William P. Barr will almost certainly be confirmed as attorney general, unless an unexpected and explosive revelation comes to light. Nevertheless, two Democratic freshmen senators, both possible presidential candidates, did an effective job illustrating that what Barr knows about the criminal-justice system is wrong and out-of-date in serious respects.
Sen. Cory Booker (D-N.J.) looked incredulous as Barr demonstrated his obliviousness to the problems of mass incarceration, the damage wrought by the war on drugs and other discriminatory practices in the justice system that impact nonwhites disproportionately:
Barr seems strikingly unaware of the huge body of research and the shift in public opinion regarding the so-called war on drugs. Barr has the perspective of an older white man who worked in law enforcement in the 1990s; in a somewhat gentle fashion, Booker is telling him he’s got a lot to learn and that what Barr thinks he knows, he doesn’t. Barr’s later declaration that, overall, the criminal-justice system treats blacks and whites fairly is belied by a raft of evidence. Do he and the administration offer poor policy solutions because they are ignorant, or because they don’t wish to see what has changed? Either way, the portrait here is of someone qualified by years of experience but lacking relevant current insights into the country.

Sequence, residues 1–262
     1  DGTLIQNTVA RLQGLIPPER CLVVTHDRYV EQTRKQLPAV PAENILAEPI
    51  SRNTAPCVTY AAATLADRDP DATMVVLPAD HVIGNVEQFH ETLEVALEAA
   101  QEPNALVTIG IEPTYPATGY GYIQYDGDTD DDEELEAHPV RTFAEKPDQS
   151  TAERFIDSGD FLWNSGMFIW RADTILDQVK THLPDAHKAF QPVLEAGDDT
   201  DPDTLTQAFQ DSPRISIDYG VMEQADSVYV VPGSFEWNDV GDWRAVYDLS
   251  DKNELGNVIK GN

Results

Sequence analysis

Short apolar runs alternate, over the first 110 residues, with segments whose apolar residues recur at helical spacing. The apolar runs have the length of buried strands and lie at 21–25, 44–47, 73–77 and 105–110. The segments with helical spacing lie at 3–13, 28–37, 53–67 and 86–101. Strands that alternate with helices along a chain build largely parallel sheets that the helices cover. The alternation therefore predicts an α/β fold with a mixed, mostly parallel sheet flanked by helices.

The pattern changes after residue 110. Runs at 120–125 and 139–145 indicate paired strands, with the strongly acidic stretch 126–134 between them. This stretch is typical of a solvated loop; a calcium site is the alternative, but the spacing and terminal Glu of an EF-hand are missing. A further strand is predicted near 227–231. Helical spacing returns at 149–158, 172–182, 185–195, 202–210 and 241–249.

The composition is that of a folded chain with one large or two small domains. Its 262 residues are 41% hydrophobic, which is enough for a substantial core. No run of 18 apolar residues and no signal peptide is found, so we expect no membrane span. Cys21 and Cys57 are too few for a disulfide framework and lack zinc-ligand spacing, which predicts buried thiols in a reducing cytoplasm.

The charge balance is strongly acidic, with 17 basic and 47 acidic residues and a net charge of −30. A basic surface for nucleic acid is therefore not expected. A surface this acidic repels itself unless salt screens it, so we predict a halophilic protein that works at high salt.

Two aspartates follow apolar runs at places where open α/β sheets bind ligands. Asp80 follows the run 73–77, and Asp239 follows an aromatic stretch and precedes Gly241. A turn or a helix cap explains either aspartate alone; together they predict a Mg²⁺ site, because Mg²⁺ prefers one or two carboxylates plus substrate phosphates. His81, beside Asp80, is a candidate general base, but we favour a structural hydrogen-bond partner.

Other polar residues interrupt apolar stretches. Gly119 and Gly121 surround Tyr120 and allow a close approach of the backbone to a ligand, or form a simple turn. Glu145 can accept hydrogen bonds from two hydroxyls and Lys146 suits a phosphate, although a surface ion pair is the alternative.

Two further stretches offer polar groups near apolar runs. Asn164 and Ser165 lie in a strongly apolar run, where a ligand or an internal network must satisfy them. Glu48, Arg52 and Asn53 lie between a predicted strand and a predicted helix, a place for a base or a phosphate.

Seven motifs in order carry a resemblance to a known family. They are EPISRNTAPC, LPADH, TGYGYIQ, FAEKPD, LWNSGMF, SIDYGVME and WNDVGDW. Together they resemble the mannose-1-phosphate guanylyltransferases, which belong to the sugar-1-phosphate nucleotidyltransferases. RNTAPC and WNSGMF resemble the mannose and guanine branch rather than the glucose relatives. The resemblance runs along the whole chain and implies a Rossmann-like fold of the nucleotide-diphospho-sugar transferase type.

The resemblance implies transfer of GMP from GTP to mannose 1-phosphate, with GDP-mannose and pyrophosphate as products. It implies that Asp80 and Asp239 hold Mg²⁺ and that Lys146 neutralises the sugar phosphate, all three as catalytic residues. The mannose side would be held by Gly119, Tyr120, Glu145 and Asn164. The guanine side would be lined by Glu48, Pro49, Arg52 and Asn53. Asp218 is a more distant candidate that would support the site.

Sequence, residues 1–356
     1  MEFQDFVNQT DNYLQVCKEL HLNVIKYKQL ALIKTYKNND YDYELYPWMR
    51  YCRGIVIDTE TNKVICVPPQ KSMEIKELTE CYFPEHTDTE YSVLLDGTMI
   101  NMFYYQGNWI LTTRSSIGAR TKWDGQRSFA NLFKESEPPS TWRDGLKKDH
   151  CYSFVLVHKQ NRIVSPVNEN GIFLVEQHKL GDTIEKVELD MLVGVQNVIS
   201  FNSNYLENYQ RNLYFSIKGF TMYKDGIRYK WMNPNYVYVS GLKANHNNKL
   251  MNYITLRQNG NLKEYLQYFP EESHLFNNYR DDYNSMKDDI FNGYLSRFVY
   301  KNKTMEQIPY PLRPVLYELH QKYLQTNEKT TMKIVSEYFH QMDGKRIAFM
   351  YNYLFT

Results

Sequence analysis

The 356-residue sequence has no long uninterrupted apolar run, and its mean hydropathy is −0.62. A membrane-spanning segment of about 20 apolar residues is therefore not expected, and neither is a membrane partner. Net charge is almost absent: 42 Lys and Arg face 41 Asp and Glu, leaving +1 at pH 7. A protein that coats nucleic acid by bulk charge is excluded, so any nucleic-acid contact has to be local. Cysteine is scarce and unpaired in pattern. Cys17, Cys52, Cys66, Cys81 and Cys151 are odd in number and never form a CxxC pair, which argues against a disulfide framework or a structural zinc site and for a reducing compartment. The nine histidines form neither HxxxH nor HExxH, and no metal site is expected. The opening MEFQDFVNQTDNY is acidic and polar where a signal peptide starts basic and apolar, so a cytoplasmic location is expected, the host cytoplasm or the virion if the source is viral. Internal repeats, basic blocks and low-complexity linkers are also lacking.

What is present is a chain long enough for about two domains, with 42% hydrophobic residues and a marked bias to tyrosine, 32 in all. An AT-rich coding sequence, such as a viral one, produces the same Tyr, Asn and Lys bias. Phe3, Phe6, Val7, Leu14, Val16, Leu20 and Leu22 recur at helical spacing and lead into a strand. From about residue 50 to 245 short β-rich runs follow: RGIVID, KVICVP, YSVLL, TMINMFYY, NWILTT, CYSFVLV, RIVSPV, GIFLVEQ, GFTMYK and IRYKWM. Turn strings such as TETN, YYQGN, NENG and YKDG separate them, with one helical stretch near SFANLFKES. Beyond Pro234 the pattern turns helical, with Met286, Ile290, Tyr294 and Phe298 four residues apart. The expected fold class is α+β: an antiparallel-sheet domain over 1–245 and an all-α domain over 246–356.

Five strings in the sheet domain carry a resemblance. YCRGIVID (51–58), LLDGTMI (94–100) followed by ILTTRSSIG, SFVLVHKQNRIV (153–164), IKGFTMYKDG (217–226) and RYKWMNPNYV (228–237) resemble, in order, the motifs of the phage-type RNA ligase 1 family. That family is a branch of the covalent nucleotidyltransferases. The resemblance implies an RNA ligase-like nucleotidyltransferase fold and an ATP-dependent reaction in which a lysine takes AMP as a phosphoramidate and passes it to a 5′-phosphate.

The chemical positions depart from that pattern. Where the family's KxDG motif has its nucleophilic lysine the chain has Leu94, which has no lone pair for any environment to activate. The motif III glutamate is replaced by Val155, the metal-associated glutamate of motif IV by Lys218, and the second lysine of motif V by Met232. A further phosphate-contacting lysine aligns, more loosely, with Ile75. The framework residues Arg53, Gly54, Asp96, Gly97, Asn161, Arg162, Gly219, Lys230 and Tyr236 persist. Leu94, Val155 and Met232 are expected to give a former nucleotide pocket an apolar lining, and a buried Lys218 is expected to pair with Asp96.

Like Booker, Sen. Kamala D. Harris (D-Calif.) pressed Barr on several topics. (Unsuccessfully, she tried to pin him down on the situation in which he would disagree with the ethics recommendation of Justice Department lawyers. He replied brusquely, “When I disagree.”)
Harris went after Barr’s statement that a wall is needed to help fight drug trafficking. She pointed out that most illegal drugs (the ratio is actually around 90 percent) come through legal ports of entry such as airports. When was the last time Barr was at a port of entry? When he was attorney general in the George H.W. Bush administration, he offered lamely. Again, bad policy from this administration seems to rest on a distorted if not wholly inaccurate understanding of real-world conditions.
Harris did extract a key concession from him on marijuana enforcement. “To the extent that people are complying with the state laws, distribution and production and so forth, we’re not going to go after that.” As Harris patiently tried to explain that the war on drugs was a huge failure in many respects and devastating for nonwhites, Barr once again looked surprised, but mostly he looked old and out of it.
The two senators' questioning of Barr showed the huge divide between the parties these days. The older, mostly white and mostly male GOP seems stuck in a time warp, bent on, among other things, fighting a crime wave that started petering out decades ago. They have little understanding of the experiences of nonwhites in the criminal-justice system. Booker and Harris, more aggressive than some of their fellow committee members, truly represent a different generation and perspective.
As they consider the contenders for 2020, Democrats should keep the generational gap in mind. President Trump really has no idea how regular people, especially nonwhites, live; his record of racism speaks for itself, and he has lived in a millionaire-billionaire bubble for 70-plus years. The candidate who goes up against him, if Democrats are savvy, should be able to accurately characterize Trump as clueless and lacking empathy and intellectual curiosity. They might want to think twice before picking someone of Trump’s generation and a white male to boot.